They glide up and down the genteel streets of SW3 like an invading army. These urban assault vehicles are Ken Livingstone's worst enemies. The people at the wheel are worse, the London mayor says. They are "idiots."
By Jennifer Quinn
BBC News Online Magazine
Once upon a time, a four-wheel drive vehicle might have looked out of place in central London. Now it's de rigueur.
The 4x4 - the sport utility vehicle to North American motorists - is a British institution, common as hedgerows in the countryside and increasingly a denizen of the city. Many of them never navigate anywhere more off-road than the car park at the shopping centre.
This has earned Mr Livingstone's derision: "When you see someone trying to manoeuvre it around the school gates, you have to think, 'You are a complete idiot.'"
But the 4x4 has been a part of Britain's motoring history since not long after the war, when Land Rover first began manufacturing in Solihull, West Midlands.
In more remote parts of the world, it was the first vehicle some people ever laid eyes on; it has evolved from a chunky, graceless piece of machinery into a luxury vehicle whose praises are sung by its owners.
They cite the view from the driver's seat, its usefulness in ferrying around children, animals, and the detritus of family life, and its safety. Its opponents say it's a ridiculous gas guzzler, much too large for Britain's cities - where space can indeed be described as limited - and unnecessary for urban motoring.
There is no middle ground on the 4x4. Feelings about them run strong. They're derisively referred to as Chelsea Tractors. Their lack of fuel efficiency is cited; their safety record questioned.
They're looked down upon as yet another American import, like junk food and posh coffee.
But Matthew Taylor, the managing director of Land Rover UK, points out that the 4x4 has been a British staple since 1947, and unsurprisingly defends his customers' right to choose what they drive and where they drive it.
"At the end of the day, people should be able to choose the vehicle that suits their needs and their requirements," Mr Taylor says. "And people have a multitude of needs and requirements, not just one. So whilst it may be used on the school run one day, it may actually be the vehicle they use to take themselves on a holiday the next day."
Sales of four-wheel drives have steadily increased since 1997, and now account for more than 6% of new car registrations. The Land Rover Freelander is the best-selling 4x4 in the UK, with the Toyota Rav 4, the Honda CRV and the Land Rover Discovery motoring after it.
The United States has much more of an SUV culture than Britain. Every other vehicle on the broad American interstate highways seems to be a huge 4x4, and while they love their big trucks, there's also a growing segment of the population which loathes the SUV.
US Senator John Kerry, the Democrat presidential candidate, had to tell reporters that the extraordinarily large Chevrolet Suburban they saw parked at his second home belonged not to him, but to the "family."
Which is apparently different, and important, since Mr Kerry has campaigned on increasing the fuel economy of US vehicles to reduce his country's reliance on foreign oil.
The American versions of 4x4s tend to be much larger than the ones found on the roads in the UK. For example, the Ford Excursion weighs nearly 3,500 kg, compared to a Land Rover Defender which is about 2,000 kg.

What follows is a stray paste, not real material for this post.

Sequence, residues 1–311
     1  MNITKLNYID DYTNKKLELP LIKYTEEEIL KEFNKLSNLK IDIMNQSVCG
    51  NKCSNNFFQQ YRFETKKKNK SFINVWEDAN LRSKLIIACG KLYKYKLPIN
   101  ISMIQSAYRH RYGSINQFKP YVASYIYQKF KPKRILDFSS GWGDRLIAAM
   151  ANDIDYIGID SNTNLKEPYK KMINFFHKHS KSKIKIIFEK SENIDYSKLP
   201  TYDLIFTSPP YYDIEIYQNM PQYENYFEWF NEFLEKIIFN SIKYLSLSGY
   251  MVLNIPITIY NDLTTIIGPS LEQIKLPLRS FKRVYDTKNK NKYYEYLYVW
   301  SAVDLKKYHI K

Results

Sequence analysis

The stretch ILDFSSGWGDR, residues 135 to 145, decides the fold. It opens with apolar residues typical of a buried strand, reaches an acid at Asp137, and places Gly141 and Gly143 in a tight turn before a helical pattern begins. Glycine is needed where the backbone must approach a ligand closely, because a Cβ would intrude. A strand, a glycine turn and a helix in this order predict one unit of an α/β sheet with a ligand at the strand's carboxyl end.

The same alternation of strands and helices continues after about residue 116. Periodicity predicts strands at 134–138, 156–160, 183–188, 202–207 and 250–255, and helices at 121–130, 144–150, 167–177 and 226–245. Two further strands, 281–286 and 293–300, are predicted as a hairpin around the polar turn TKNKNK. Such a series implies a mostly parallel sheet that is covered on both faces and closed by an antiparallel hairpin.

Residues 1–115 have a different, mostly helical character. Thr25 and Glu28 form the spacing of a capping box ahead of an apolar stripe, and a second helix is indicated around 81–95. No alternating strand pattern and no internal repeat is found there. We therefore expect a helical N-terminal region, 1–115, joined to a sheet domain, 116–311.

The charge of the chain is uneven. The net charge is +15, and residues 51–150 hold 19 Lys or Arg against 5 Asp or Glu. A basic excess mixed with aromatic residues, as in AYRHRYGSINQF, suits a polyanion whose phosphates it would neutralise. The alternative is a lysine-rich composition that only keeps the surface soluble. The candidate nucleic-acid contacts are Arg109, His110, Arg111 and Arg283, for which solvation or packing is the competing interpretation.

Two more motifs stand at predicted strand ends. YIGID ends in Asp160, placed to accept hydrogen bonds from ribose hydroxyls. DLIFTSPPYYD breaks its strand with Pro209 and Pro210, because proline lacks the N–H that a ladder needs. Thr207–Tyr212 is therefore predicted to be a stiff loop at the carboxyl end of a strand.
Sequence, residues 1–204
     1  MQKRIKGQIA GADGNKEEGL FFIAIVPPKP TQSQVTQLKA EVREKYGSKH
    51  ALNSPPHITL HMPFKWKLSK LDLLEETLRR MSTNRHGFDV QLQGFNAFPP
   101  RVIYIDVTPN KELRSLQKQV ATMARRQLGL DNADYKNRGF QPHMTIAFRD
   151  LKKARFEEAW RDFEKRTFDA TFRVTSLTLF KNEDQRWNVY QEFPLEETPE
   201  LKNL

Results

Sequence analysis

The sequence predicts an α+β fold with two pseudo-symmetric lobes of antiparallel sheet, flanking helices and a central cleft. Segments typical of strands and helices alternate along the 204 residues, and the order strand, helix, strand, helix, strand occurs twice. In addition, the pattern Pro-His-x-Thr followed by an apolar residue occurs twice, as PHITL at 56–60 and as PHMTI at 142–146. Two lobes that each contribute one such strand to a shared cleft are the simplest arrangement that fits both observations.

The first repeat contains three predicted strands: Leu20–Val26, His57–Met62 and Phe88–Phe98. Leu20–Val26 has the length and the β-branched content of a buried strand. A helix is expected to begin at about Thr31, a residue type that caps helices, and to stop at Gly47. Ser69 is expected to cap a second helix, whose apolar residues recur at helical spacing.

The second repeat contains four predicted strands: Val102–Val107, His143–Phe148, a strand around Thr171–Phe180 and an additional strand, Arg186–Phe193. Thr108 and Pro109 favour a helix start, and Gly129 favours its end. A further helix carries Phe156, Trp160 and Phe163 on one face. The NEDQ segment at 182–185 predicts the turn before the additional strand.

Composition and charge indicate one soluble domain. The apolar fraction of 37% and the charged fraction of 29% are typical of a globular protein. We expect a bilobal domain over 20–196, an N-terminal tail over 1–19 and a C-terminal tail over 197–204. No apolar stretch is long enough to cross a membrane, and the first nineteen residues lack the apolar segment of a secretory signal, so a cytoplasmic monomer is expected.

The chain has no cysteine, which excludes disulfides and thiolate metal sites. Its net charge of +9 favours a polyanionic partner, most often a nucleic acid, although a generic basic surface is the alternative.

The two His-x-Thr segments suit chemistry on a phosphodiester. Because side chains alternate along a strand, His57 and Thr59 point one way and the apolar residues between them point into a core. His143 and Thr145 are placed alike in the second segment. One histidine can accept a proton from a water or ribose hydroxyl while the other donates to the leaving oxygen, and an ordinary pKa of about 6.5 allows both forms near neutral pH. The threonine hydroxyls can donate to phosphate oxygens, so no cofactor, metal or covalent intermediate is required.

For Neil Evans, size does not matter.
He lives in central London and works in Soho, and has nearly found himself under the bumper of an SUV more than once.
"It's ridiculous. The 4x4s are simply too big for Soho's roads. They're enormous. You can't see around them if you're a pedestrian ... and if you're trying to park, trying to get around one is a nightmare," he says.
"You expect to see 4x4s and Jeeps and whatnot up Everest, or up mountains - that's where they're advertised to be - and it seems ridiculous that people want to drive them in a place where you can get by with a car that's four feet long. I'd much rather see a Smart car than a 4x4."
No room for kids
Sarah Millward scoffs at this idea.
"How," she asks, "do I get two children and a Labrador in a Smart car?"
The 27-year-old lives in Derbyshire and uses her five-year-old Land Rover Discovery to ferry two teenaged kids to school and back. And, she says - quite proudly - she takes it into central London, as well. As an artist, she sometimes has quite large pieces that need transporting, and they're not going to fit in a subcompact car.
Another central London resident at the wheel of a 4x4
"It's an old one. It's not very glamorous, but I love it," Ms Millward says of her 4x4. "There's a freedom, in this country, isn't there? We get to choose what we drive and if we choose to have a big car, that's fine."
Mr Livingstone isn't the first politician to set his sights on the 4x4. Last year, Norman Baker, the Liberal Democrats' shadow environment secretary, said he believes the very British four-wheel drive has become a "status symbol and personality enhancer" and that the environment is paying a dear price for the drivers' ego.
Ego on wheels
"It's really unnecessary to drive your child 300 yards from the house to the school in a 4x4," he says. "It becomes an issue about fuel consumption and about the space they take up. Some of our towns are quite short of space, and some are medieval and they just don't have the space for these vehicles on the road."
Like Mr Evans, Mr Baker says they can be "quite intimidating" for pedestrians and cyclists.
He's more concerned about the footprint the 4x4 leaves on the environment, but doesn't go as far as Mr Livingstone in his condemnation of their drivers.
"I wouldn't call them idiots," Mr Baker says. "And I don't want to have them banned. What I would like to do is have them regarded as... as naff."